Tis the Season to be Wary: Employer Liability for Alcohol Consumption


While employer liability for alcohol consumption is not limited to the festive season, it is during this time of year that employers are more likely to host events at which alcohol is served to employees. The purpose of this article is to remind employers of potential liability relating to alcohol consumption by employees, and to provide some guidance on how to minimize that liability.

By now, most employers know that if they wish to host social events at which alcohol is served, they have to take steps to ensure that their employees make it home safely and do not injure others in the process. Failure to do so can result in claims from employees or third parties that the employer failed to meet the standard of care required of social hosts or occupiers of premises in which the alcohol is served.

(a) Liability as a Host

Social host liability arises when an employer is sued just because they supplied alcohol, regardless of the location in which the alcohol is being served.

The most well known case regarding social host liability is Jacobsen v. Nike Canada Ltd., 1996 CanLII 3429 (BCSC). In that case, the plaintiff and several of his colleagues, all employees of Nike, went from Port Moody to Vancouver to set up a display for their employer, Nike. Towards the end of their 16 hour workday, the supervisors brought in food and beers for the employees. The plaintiff drank at least eight beers at the location at which he was working and then went to a bar where he drank some more beer. While driving home, he fell asleep and met with an accident which rendered him a quadriplegic. Even though the plaintiff had consumed all of the alcohol voluntarily and had consumed beers outside of the “worksite”, the court held that Nike was 75% responsible for the plaintiff’s injuries. It made the decision based on the fact that Nike had a common law duty to take reasonable care for the safety of its employees to get home safely after finishing work at a location that was not their regular work place, and especially because it had supplied the initial eight beers the employee had consumed.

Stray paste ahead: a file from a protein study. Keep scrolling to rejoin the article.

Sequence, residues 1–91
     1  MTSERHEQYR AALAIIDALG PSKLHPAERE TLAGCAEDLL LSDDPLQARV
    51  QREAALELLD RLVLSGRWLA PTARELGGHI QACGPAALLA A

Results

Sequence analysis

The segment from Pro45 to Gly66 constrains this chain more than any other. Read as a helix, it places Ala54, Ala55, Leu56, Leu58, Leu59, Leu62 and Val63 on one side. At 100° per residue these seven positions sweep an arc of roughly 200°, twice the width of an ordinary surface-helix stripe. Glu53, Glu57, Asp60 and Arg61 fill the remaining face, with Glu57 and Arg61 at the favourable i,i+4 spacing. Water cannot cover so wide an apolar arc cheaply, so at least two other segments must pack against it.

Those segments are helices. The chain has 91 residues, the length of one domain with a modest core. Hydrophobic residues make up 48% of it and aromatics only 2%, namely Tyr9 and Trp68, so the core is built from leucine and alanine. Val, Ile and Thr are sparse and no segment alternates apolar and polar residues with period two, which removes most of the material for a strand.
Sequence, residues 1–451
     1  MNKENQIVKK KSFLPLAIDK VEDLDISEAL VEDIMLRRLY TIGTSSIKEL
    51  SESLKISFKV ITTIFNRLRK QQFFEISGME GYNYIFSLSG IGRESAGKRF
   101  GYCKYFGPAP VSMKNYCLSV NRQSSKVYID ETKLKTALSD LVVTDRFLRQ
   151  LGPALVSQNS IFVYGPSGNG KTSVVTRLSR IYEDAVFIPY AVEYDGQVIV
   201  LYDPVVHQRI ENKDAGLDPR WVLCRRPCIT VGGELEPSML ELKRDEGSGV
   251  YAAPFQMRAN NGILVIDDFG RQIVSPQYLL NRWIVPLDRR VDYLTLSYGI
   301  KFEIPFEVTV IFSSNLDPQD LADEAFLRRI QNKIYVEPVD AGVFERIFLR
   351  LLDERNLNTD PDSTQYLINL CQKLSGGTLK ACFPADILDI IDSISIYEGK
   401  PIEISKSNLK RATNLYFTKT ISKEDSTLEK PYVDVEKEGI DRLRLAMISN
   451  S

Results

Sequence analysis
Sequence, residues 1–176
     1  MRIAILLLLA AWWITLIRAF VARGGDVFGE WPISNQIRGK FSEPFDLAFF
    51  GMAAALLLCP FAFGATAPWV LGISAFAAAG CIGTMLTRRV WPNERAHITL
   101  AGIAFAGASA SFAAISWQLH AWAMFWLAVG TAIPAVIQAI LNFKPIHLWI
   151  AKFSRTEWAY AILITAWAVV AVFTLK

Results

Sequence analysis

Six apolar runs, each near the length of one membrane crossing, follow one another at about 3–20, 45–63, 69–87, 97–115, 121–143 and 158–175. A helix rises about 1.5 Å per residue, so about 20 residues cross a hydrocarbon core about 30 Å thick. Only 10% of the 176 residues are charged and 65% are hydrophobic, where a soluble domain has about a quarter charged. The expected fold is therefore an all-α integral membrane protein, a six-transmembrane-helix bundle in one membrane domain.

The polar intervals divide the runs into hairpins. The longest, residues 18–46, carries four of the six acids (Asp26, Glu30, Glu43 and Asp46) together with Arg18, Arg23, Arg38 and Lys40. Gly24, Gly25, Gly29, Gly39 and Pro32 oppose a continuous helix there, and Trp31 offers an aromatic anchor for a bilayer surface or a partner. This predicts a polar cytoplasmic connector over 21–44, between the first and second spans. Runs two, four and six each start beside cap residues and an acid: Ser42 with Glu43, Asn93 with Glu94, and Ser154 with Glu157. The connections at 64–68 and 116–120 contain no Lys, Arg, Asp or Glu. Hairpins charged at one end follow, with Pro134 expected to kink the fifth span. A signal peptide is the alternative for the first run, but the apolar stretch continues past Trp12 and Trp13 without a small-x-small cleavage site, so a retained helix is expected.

In 2010 there was a new case which illustrates the potential liability of ‘social host’ employers: Danicek v. Alexander Holburn Beaudin & Lang, 2010 BCSC 1111. In this case, Danicek, an articling student at the law firm Alexander Holburn, was injured while attending a dinner held by the law firm at a local restaurant. At the dinner, alcohol had been served and consumed by Danicek and her colleague, Poole. When the dinner ended Danicek and Poole went with other colleagues to a nearby night club, Bar None, at which more alcohol was consumed. While dancing, Poole fell onto Danicek who then fell and hit her head on the dance floor. While the issues in this case are complex, of note is the fact that one of the claims was against Danicek’s employer who supplied the alcohol consumed by Danicek and Poole at the dinner. The employer ended up settling out of court. The tragedy of the case is that this articling student suffered a brain injury and apparently is unable to pursue her intended legal career.

(b) Liability as an Occupier

Occupiers liability arises when an employer is found liable for injuries that occur at the workplace or on property that they may rent for the purpose of holding a party. Because of the broad definition of an “occupier”, this means that an employer who hosts a party at the employer’s home could also be liable if injuries occur based on the condition of the premises, the conduct of the people on the premises and/or the activities conducted on the premises. While employers are well aware that they are required to provide a safe workplace, it is easy to forget that this obligation extends to non-typical events such as employer sponsored parties.

Tips to Minimize Liability

  • Have written policies governing alcohol use at all company events and activities and ensure that these are brought to the attention of employees periodically.
  • Don’t organize or allow dangerous events or activities such as drinking contests on company property.
  • Hold your event at a licensed establishment with servers trained to monitor alcohol consumption. If this is not possible, and you are hosting a party on your property, hire trained servers and staff to run the event.
  • If you are hosting the event on company property or premises that you control, appoint responsible individuals to monitor alcohol consumption at the event.
  • Don’t allow drinking to be the focus of an event.
  • Have sufficient food and non-alcoholic beverages available.
  • If you are providing alcohol, serve limited drinks rather than having an open bar.
  • Stop serving alcohol long before the event is to end.
  • Don’t provide or permit alcohol to be given to a person who is or may be intoxicated, and ensure that this is enforced regardless of the person’s rank in the organization.
  • Have a plan in advance to ensure that all guests who may consume alcoholic beverages can get home safely. For example, give your employees taxi chits or arrange a limousine service; if the event is at a hotel, arrange for hotel rooms at a reasonable rate.

Employers host holiday parties for their staff in order to thank them for their efforts over the year, and to build on collegiality and work relationships. Taking some of these simple steps to manage potential risks surrounding alcohol consumption will help ensure that these parties are successful.